It sounds like your sister is muddling through…I hope she finds more of the support she deserves soon.
Thank you for this article, it is all so challenging. I have witness various arrangements, and IHMO it often comes down to the person hired and the “chemistry” between them and the one they care for. But your advice to follow the legal aspects of this, to have clear communication and expectation and to “trust but verify” to assure things are going done as communicated/expected is key.
Know of one wonderful, trustworthy and committed caregiver (hired directly, but no paperwork check or legal stuff done) was outstanding but at the end of the day not a legal resident in the US. It all came crashing down when she was deported.
Know of another similarly hired direct (not via an agency) who worked from my friend’s family, caring for the parents and then mother once the husband passed. He was like family, a live in, trusted for 10 years; but it turns out he was a bad apple. It was not until the mother passed, that the adult children (one of my friends) learned he was embezzling all along. So yes, not good to give them any “financial power” to pay, write checks, use the family credit card, etc. That guy was arrested and now is in jail.
Another friend hired privately a wonder man when her husband was failing with cancer. He was wonderful, never any issues and remains a friend of the family.
There are great aides from agencies and not so great ones. Another friend with a broken pelvis and early stage dementia has aides 8 to 5 pm Monday-Friday while her husband works. Some have been great, attentive and helpful. One — I witnessed while visiting — slept the entire time and would not get up to answer the phone (my friend with the broken pelvis could not walk). Needless to say the “sleeping aide” was asked to not come back; and the agency sent another.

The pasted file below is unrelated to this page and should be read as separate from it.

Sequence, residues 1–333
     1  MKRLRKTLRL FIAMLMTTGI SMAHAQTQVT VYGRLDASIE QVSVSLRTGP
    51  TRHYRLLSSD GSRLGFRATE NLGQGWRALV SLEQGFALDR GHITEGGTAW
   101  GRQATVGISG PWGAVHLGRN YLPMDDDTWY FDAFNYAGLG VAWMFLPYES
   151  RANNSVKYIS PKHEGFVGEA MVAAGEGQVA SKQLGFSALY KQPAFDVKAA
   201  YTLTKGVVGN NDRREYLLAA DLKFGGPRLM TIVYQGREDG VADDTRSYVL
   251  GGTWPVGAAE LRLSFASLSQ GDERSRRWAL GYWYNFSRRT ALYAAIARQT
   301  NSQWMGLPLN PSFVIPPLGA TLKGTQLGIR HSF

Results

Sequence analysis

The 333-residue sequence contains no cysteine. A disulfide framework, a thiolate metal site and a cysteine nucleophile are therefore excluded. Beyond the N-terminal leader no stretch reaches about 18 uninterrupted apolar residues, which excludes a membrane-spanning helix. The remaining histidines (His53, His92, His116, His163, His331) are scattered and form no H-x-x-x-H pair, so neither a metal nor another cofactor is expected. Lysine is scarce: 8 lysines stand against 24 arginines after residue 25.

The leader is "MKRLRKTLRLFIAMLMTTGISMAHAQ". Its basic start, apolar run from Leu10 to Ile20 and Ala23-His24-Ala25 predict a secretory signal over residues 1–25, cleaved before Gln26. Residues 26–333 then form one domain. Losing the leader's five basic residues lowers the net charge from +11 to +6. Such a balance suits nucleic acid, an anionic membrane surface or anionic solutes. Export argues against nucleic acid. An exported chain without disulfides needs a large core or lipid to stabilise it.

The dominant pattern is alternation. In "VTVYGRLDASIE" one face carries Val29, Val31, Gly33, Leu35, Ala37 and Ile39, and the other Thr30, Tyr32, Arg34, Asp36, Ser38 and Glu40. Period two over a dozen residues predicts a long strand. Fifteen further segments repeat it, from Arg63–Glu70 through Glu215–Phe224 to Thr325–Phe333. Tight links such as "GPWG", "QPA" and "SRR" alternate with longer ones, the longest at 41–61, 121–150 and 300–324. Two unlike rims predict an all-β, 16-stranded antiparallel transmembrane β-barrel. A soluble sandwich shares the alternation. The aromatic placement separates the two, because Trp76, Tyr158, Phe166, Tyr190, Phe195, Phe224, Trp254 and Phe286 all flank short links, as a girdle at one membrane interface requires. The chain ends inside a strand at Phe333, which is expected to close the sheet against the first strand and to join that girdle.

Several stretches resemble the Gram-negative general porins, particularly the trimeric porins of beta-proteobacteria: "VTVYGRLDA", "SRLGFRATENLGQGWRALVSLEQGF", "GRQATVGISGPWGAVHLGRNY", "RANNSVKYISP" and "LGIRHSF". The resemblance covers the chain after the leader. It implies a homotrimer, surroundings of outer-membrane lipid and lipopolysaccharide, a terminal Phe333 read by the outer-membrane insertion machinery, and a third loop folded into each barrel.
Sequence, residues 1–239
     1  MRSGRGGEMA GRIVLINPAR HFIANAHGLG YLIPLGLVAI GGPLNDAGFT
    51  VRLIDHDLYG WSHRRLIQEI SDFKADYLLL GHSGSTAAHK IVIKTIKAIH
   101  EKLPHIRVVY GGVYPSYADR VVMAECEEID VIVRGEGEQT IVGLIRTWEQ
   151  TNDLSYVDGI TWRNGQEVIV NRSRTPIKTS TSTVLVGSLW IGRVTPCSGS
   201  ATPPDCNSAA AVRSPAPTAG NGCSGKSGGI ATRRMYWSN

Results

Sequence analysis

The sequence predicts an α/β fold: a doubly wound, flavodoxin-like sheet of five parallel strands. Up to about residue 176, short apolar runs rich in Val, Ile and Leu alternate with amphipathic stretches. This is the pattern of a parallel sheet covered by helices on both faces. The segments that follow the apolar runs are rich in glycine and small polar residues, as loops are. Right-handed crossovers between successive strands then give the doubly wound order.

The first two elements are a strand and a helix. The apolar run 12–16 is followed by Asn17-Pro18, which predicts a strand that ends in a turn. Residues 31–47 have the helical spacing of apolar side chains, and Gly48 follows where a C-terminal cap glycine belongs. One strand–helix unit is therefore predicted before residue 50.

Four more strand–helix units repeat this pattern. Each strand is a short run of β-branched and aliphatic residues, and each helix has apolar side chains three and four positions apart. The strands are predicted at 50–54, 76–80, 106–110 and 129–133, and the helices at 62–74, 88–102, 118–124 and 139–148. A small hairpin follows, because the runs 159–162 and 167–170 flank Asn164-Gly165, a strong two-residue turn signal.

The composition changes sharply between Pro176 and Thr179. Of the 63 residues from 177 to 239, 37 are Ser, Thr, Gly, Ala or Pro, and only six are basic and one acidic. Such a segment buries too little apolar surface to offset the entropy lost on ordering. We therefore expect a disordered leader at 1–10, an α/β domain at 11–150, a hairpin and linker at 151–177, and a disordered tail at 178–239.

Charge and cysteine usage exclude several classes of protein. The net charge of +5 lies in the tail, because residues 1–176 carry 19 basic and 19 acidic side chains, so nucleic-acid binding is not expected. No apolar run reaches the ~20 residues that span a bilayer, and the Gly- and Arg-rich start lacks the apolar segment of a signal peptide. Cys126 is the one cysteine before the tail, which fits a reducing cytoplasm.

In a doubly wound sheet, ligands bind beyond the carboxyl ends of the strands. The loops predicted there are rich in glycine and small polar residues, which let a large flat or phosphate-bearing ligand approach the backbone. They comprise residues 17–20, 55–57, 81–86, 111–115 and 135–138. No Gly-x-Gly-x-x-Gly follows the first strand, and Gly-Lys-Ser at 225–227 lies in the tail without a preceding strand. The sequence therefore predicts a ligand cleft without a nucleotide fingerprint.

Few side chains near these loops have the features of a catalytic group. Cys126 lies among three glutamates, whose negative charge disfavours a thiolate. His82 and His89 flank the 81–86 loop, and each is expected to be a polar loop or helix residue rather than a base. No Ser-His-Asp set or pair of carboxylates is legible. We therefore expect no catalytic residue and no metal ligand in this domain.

It can be a crap shoot or great. But tracking, checking and getting the right legal paperwork done can give you some protection.
Nicole Didyk, MD says
It’s been my experience as well that there’s a wide range of skills and levels of professionalism when it comes to hiring help for an older adult. Even within agencies there is some variability, depending on the type of training and screening that the employee has to undergo.
Like anything, good communication can alleviate a lot of problems down the road.
Eric F says
I L O V E your info and advice. I am an in-home care-giver. Not a health aid. No health aid training. I did work as a Lab tech, so I know something about that aspect of health. I would slightly disagree with anything physical related as part of my job. I do not have training in bathing, dressing, anything that a CNA would do. I do not want the liability and the mental anguish if I caused something like that, physically, to happen. I would also add I think some basic training in the Mental aspect of dealing with Family members, as a care-giver would be helpful. I sought basic psych training after I started doing this job. The BIGGEST aspect in my experience is the mental aspect of dealing with aging seniors and how their family deal with me, and the family member each day. The mental aspect is the BIGGEST issue in my mind.
Nicole Didyk, MD says